anticipate the squeeze

Ottawa gives a lot of money to the Yukon. How much money? Well, it works out to roughly $30,000 per person, per year. That is bucketloads of cash - insane wealth. By comparison, PEI gets roughly $3,400 per person and BC about $1,200.

Ottawa gives a lot of money to the Yukon.

How much money?

Well, it works out to roughly $30,000 per person, per year.

That is bucketloads of cash – insane wealth.

By comparison, PEI gets roughly $3,400 per person and BC about $1,200. The national average is in the ballpark of $1,300.

So what makes us so special?

What makes us deserving of $1 billion in federal grants from our fellow citizens?

It is an interesting question, one we should all ponder. Carefully.

For example, is it the placeholder dividend – the bare-minimum cost of maintaining sovereign presence in Canada’s northwestern frontier?


These days, Ottawa could stake and defend its claim to this region for far less money than that – the borders are well defined, mapped and generally accepted by all nations.

Traditional aboriginal settlements could serve this purpose as well as our artificial government towns, which exist solely on inertia; look around, despite the boom there is still scant little in the way of solid economic development to sustain them.

Of course, we could delude ourselves into believing Ottawa’s doling out the stipend while we get our economic legs under us.

But if so, where are the investments to power the boom and house the growing population?

For the last decade, residential lot development has been stagnant.

And the territory’s power infrastructure has been largely ignored, until a crisis, brought on by booming demand for base metals forced construction of the stupidly expensive Mayo B hydro and power line development – a project only viable because the feds subsidized it with another whack of cash.

And beyond that?

Well, the Yukon’s energy problems persist.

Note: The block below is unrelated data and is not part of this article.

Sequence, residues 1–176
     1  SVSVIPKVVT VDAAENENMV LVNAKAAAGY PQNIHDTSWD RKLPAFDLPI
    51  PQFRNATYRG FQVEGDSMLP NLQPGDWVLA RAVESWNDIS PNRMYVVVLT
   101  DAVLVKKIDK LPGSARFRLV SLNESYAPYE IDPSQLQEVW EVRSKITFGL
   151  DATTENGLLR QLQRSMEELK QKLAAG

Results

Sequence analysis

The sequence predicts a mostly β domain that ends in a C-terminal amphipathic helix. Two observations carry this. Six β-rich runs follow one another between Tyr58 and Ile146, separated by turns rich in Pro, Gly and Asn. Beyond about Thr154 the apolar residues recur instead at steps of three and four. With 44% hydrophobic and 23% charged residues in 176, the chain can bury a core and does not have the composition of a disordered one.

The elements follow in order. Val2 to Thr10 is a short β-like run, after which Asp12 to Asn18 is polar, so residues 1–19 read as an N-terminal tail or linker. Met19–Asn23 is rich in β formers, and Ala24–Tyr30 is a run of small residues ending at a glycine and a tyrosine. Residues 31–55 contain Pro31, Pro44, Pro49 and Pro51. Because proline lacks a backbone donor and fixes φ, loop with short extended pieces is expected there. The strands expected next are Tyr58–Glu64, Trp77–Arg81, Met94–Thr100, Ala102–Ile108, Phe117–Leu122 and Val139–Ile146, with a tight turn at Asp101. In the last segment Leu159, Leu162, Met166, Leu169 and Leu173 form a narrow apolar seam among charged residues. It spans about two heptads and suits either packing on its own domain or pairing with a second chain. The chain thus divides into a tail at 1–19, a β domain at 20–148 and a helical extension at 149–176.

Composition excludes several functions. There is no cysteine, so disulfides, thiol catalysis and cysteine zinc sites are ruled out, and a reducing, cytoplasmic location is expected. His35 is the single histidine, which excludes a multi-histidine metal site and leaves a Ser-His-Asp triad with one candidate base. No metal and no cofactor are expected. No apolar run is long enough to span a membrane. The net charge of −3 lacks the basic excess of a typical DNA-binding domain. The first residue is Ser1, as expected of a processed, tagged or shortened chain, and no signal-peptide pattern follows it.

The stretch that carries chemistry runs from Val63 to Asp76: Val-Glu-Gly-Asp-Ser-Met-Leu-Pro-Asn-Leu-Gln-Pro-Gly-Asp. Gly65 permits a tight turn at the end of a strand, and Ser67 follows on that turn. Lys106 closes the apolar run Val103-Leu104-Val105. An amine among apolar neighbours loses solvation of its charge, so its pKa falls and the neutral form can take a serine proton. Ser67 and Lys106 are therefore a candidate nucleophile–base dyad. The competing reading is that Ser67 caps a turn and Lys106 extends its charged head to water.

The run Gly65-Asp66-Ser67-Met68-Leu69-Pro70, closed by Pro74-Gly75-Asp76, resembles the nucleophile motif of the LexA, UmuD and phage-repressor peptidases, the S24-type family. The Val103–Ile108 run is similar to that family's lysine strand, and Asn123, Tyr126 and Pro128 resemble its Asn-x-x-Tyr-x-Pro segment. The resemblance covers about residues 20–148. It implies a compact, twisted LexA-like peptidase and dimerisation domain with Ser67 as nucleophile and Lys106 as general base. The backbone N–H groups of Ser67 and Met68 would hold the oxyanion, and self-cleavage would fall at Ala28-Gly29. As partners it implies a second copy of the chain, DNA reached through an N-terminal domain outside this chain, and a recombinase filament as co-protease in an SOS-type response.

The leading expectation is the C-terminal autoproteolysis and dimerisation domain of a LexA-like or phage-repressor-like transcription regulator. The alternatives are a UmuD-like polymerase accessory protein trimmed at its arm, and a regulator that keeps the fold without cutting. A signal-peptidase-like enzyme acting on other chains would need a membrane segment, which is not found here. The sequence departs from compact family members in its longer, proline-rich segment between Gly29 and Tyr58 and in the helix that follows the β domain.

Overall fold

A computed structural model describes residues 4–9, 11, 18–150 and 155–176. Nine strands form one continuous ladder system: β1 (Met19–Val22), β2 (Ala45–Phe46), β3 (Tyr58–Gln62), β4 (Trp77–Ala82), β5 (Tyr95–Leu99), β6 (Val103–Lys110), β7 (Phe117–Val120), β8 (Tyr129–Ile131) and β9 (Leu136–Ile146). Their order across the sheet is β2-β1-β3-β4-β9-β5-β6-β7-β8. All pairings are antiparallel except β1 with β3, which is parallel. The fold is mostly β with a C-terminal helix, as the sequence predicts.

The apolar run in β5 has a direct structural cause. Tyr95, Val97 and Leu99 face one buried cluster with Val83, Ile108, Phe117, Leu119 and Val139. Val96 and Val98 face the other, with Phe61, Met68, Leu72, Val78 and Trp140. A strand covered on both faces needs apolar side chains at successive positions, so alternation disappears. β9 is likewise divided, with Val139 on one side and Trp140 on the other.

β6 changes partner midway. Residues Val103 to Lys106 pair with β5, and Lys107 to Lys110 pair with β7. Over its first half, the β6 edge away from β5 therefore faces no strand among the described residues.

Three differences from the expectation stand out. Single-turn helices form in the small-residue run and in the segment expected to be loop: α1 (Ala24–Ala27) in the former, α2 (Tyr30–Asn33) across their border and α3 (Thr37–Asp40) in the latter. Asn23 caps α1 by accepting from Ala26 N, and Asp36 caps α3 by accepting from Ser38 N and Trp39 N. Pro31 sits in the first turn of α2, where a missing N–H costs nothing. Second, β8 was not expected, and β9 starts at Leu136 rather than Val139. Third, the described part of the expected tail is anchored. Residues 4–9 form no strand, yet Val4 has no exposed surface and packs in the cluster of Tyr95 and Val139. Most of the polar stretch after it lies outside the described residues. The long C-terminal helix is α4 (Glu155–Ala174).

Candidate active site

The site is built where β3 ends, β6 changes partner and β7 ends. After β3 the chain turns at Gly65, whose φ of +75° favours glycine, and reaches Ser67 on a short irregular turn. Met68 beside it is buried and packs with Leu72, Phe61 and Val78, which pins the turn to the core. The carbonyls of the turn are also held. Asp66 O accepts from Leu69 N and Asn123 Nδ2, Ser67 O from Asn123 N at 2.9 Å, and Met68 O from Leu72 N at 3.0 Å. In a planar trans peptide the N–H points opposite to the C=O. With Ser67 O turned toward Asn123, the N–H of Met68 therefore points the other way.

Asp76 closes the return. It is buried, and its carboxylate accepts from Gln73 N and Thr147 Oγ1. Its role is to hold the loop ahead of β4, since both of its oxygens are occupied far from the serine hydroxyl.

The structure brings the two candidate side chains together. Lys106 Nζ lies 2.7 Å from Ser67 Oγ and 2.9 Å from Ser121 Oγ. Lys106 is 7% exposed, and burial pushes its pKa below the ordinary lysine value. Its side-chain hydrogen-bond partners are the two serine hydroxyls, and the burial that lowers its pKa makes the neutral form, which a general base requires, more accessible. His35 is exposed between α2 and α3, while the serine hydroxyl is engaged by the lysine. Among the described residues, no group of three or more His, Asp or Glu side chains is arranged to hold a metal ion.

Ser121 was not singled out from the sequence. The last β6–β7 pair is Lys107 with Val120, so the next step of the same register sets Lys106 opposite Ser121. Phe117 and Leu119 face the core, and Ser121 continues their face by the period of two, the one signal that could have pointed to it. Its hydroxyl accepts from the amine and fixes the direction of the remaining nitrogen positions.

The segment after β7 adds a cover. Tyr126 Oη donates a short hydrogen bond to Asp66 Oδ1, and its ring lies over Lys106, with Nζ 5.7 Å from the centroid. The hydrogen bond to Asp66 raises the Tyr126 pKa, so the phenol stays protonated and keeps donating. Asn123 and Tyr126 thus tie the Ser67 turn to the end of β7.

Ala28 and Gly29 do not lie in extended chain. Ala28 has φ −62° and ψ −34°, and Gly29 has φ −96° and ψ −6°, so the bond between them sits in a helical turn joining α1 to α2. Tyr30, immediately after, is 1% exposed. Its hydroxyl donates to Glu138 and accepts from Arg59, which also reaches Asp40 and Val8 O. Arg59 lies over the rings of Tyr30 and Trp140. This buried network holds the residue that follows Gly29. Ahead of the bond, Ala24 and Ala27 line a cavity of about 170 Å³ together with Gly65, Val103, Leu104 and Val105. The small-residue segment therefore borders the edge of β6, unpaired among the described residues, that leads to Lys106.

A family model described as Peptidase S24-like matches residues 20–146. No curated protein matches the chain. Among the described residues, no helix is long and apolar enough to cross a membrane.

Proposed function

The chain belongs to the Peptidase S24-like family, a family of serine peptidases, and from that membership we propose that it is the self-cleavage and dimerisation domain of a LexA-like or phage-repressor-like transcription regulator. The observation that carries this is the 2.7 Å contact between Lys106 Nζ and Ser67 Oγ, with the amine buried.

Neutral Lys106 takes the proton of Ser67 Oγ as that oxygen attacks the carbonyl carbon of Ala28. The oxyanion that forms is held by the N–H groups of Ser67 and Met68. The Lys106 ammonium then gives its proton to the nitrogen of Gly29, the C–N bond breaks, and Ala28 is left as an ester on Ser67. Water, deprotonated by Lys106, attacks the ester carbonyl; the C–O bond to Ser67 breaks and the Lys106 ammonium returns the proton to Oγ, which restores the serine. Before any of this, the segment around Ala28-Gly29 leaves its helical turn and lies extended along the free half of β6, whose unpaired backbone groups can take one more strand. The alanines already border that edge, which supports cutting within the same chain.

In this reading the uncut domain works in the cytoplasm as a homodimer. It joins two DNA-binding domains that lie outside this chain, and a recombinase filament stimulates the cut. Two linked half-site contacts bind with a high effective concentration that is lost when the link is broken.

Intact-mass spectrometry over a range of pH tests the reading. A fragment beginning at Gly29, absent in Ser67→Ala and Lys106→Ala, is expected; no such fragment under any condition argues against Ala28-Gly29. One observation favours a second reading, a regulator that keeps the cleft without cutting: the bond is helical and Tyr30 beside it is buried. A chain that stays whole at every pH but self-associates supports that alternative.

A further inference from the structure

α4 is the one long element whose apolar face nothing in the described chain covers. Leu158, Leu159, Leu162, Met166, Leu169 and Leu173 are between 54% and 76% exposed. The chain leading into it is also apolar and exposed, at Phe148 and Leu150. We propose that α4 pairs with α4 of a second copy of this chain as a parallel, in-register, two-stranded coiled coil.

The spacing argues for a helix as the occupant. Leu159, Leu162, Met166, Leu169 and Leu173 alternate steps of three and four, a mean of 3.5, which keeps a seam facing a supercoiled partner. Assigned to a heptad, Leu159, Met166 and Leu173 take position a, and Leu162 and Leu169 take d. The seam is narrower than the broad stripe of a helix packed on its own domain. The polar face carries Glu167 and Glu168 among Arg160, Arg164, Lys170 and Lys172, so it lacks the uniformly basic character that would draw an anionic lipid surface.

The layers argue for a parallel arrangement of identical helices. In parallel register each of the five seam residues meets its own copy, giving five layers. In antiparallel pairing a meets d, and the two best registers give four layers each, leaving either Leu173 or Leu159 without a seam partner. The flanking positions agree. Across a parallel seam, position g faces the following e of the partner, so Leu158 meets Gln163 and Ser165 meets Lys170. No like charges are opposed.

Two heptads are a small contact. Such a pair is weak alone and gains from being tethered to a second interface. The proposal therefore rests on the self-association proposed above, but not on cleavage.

The Yukon Energy Corporation is still scrambling to find new power generation in the territory that won’t hike prices to the point of mutiny and industrial collapse.

A long-delayed housing development in Porter Creek will finally be built – alleviating the housing problem, but it will add to the territory’s power woes.

And the Yukon Energy Corp. missed its chance to get innovative geothermal or community heating plants in place before construction of phase one.

But the failure does not lie solely at the energy corporation’s door. The Yukon government has been derelict in drafting a policy that would guide power generation in the territory, or encourage new housing and business development to be more energy self-sufficient.

What does all this have to do with transfer payments?

Well, it raises questions about our society’s priorities. And how we’ve spent the wealth lavished on us from Ottawa.

Have we used it to make ourselves more self-sufficient, or more dependent on Ottawa?

Consider, for a moment, that expensive hospitals being built in rural Dawson and Watson Lake not only plundered the capital budget, but saddled the territory with expensive facilities to run in perpetuity.

And physicians and health-care workers got a lovely riverview complex next to the hospital that cost more than $17 million, while Fentie withheld a similar chunk of cash from the general public during a housing crisis to doctor his financial projections.

This has a real-world impacts.

For several years, private businesses have struggled to recruit talent because people are reluctant to move to a place where rents and housing prices are insanely expensive – if you can find something decent.

That throttles the economy.

The bottom line is that, after years of profligate spending, there is little to show for it – yet the territory now has close to $200 million in accumulated debt that it didn’t have at the beginning of this run.

This is significant, and will have a real impact on future governments.

Luckily, Ottawa gives us a crazy amount of cash. So this might not be a crippling problem.

Except Ottawa has a structural deficit of more than $50 billion and will not raise taxes. So it will be looking hard for places to cut.

So, it behooves us to ask, once in awhile, what makes us so special?

The answer, as uncomfortable as it may be, is nothing much.

So, when Ottawa tightens its belt, we shouldn’t assume it’s not going to pinch.

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